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Why so few monkeys, Richard Scarry?

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I cannot believe I have not discussed Richard Scarry’s books before. According to Wikipedia* he published over 300 books (and is from Boston, where both of my daughter’s parents are vaguely from). One reason he may be somewhat less read in this household is the relative lack of monkeys. He depicts tons of animals, but monkeys make rare appearances. They are featured in the movement/tail section (image from Scarry’s Best Storybook Ever). “Monkeys have tails, apes do not” is a fact my daughter picked up at the zoo and repeated to me a day later, completely amazing and terrifying me with her knowledge. I had hardly remembered that fact myself, but I am not monkey obsessed. Scarry’s books are children classics and often utterly bizarre. Some of the bizarreness is on purpose (I believe) and is playful. (See primate in banana car wearing three watches, explanation please.) Some of it is a result of being from a different time period, more to follow.

We checked out Scarry’s What Do People Do All Day? because of the ideal bookshelf from last week (my daughter has really enjoyed it). I think it was designed to try to really answer, in occasionally excruciating detail (and we have the abridged version), the “why” questions of kids (commented on, with explicit language and with humour, by Louis C. K.). It only answers questions about people who really do things; there is no depiction of someone sitting around reading all day, so I guess I am on my own when it comes to explaining my profession. My daughter hasn’t gotten to the fun sounding “why” stage yet, but she does ask me constantly where people are like “Where did _____ go?” _________ could be a dog, a new friend she just made, a family member, a friend of mine, a friend she hasn’t seen for a while, etc. She will get randomly upset at my answers. For a while she didn’t like that two people lived together. I am unsure why, since she was okay with the fact that they both lived in L.A., has only seen them together, refers to them as a couple, and really likes them both. Sometimes she gets mad that my sister’s dog is in Boston (but it is okay that my sister is there and she likes that the dog lives with my sister). Sometimes she wants more details and I have to make stuff up, because I am not sure what people are actually doing at that moment. Just so my friends and family know, you all spend a lot of time sleeping (my daughter frequently asks where people are when it is bed time; I always tell her they are sleeping. Hey, they could be, who knows). With the help of the Richard Scarry books, like What Do People Do All Day?, I look forward to answering questions like “What did loggers do in the 1950s?” and “How exactly did the postal system work in some abstract country over forty years ago?” I mean, these questions are coming, right? The whys will lead here. To make up for the lack of Scarry so far, it is going to be a week of Scarry and I think a week of What Do People Do All Day?. Don’t ask me why.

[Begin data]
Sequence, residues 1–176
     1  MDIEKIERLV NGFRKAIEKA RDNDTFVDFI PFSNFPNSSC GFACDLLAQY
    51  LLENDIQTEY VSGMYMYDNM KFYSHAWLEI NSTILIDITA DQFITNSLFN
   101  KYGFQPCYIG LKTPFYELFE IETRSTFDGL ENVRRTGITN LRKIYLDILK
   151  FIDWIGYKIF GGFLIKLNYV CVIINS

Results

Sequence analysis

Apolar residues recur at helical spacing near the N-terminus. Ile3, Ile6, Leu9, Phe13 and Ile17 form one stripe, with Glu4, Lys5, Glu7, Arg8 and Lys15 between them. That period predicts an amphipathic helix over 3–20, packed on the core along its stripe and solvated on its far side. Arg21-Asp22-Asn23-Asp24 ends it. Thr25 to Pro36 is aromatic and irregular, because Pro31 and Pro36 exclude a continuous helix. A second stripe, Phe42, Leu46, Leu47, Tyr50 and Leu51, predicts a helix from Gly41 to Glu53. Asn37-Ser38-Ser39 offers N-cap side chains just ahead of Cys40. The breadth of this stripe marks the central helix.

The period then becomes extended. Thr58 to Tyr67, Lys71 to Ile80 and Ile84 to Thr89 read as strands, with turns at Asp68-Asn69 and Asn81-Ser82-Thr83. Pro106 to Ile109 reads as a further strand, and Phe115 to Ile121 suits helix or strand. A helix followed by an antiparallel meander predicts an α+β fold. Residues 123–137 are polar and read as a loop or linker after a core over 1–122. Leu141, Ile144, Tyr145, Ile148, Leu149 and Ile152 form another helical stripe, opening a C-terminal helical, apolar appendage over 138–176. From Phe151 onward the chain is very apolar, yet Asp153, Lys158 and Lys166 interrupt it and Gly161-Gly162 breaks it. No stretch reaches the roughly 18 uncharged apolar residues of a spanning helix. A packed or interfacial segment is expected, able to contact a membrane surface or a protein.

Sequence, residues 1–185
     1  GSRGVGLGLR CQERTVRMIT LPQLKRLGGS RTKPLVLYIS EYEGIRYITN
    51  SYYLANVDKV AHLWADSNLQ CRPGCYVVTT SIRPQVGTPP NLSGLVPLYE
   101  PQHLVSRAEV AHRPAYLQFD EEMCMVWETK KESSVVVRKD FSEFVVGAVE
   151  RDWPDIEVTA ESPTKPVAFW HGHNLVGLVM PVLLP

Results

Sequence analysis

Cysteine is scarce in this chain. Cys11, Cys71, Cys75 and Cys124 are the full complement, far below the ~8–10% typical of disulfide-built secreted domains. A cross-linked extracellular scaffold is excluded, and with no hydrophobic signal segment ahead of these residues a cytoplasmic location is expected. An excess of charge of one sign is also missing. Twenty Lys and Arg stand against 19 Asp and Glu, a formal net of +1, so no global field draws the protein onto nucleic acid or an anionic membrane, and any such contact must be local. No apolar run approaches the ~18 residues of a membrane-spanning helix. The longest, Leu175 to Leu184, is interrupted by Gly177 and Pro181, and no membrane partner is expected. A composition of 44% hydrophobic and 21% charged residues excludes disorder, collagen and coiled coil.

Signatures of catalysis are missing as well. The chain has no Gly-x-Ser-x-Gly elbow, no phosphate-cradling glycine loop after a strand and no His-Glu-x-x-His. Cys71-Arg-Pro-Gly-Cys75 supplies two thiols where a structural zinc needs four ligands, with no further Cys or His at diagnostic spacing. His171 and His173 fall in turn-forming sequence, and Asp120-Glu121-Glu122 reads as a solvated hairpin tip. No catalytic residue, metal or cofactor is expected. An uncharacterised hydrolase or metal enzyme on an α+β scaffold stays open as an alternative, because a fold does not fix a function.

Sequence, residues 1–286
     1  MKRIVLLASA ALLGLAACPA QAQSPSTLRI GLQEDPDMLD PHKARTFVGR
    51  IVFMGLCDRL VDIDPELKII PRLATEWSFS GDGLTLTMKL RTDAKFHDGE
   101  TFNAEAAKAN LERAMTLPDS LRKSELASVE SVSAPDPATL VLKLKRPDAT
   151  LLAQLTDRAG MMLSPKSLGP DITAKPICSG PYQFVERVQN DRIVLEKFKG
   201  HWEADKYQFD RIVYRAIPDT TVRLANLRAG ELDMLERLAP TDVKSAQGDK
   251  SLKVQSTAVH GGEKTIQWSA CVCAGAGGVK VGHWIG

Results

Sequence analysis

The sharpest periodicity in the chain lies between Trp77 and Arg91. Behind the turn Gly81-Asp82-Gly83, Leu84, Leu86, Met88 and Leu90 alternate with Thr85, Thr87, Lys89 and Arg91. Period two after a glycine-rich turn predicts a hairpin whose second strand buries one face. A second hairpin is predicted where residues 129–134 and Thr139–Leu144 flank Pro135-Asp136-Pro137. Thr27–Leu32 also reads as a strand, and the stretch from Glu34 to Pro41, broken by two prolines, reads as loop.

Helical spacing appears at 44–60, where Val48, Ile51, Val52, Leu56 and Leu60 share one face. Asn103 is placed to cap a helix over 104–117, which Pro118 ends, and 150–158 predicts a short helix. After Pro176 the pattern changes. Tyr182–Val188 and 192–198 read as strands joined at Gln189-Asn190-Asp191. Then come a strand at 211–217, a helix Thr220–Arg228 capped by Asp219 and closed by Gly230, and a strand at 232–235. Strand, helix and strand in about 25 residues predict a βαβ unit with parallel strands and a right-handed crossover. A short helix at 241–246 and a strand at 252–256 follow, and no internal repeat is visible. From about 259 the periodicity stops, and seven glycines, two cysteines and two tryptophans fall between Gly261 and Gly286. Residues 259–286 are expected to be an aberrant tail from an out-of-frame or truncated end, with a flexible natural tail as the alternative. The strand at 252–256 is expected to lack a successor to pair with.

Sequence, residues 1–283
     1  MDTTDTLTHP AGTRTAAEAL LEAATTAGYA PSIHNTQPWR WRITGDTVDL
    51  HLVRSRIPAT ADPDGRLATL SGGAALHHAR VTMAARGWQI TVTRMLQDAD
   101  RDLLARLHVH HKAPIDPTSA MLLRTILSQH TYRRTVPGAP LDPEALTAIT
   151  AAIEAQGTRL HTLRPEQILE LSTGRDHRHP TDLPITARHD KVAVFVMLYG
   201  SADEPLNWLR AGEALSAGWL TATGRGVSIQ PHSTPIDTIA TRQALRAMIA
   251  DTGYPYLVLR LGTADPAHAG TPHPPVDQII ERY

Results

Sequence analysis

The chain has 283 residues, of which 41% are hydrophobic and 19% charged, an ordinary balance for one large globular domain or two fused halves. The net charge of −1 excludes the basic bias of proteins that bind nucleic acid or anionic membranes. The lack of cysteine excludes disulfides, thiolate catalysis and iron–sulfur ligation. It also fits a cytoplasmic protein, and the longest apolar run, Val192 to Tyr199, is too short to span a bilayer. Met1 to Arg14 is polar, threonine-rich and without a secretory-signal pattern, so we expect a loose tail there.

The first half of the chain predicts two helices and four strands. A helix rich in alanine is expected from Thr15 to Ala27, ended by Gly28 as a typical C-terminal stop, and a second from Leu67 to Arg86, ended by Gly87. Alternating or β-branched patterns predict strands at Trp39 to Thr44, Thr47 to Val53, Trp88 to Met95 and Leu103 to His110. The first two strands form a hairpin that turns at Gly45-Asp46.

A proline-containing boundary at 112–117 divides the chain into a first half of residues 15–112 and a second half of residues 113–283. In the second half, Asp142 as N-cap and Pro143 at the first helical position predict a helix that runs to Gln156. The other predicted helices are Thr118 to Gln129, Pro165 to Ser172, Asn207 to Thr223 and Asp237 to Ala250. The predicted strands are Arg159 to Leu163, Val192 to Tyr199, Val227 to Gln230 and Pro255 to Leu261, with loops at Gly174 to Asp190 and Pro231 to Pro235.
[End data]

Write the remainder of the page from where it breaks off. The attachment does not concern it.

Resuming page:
*In my non-blog life I do actual research, which involves books, articles, etc. and goes beyond Wikipedia and the OED. Sorry for the sad lack of sources.

3 responses »

  1. Great post! We love Scarry in this house. I grew up with his stories too – did you? I remember saying to someone that my favourite author was Richard Scarry but his books weren’t scary. I was delighted to find an old book of mine, which Holly now has. She thinks the manic abstract nature of them is hilarious too.

    Reply
    • Thank you! I did. Unlike some of my books I don’t have clear memories of them being read to me, but I definitely remember them being around. They are pretty great for careful studying, which sometimes my daughter does (probably looking for monkeys). That is so nice that Holly has one of yours! And — very cool that you remember saying that (quite a memory).

      Reply
  2. Pingback: They’re Affably Loveable Douchebags: Louis C.K. | Topless Carrot

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